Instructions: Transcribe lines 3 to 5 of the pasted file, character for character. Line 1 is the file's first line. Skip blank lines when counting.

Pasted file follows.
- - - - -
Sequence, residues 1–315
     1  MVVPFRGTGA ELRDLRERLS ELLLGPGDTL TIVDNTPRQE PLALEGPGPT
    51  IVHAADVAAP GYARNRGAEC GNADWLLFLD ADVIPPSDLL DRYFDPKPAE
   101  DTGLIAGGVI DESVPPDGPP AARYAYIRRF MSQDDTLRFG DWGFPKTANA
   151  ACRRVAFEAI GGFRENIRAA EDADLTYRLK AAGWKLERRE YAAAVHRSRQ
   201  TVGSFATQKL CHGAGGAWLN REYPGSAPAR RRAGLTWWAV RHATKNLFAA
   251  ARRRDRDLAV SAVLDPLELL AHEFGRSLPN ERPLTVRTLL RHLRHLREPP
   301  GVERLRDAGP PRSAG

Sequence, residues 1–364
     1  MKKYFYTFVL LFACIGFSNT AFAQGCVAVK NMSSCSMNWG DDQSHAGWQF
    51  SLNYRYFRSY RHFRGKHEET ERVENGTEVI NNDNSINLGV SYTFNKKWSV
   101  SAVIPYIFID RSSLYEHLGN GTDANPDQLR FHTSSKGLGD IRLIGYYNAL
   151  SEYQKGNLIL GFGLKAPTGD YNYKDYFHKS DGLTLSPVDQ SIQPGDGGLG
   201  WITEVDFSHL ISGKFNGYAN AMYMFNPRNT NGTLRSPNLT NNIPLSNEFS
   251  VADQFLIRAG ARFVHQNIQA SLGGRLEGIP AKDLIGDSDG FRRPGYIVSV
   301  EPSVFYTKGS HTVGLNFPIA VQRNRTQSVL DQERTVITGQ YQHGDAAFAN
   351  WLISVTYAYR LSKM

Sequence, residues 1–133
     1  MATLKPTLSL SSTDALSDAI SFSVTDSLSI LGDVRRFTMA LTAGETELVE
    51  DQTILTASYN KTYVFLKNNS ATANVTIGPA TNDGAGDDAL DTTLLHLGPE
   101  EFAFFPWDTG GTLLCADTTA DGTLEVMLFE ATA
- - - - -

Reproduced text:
    51  IVHAADVAAP GYARNRGAEC GNADWLLFLD ADVIPPSDLL DRYFDPKPAE
   101  DTGLIAGGVI DESVPPDGPP AARYAYIRRF MSQDDTLRFG DWGFPKTANA
   151  ACRRVAFEAI GGFRENIRAA EDADLTYRLK AAGWKLERRE YAAAVHRSRQ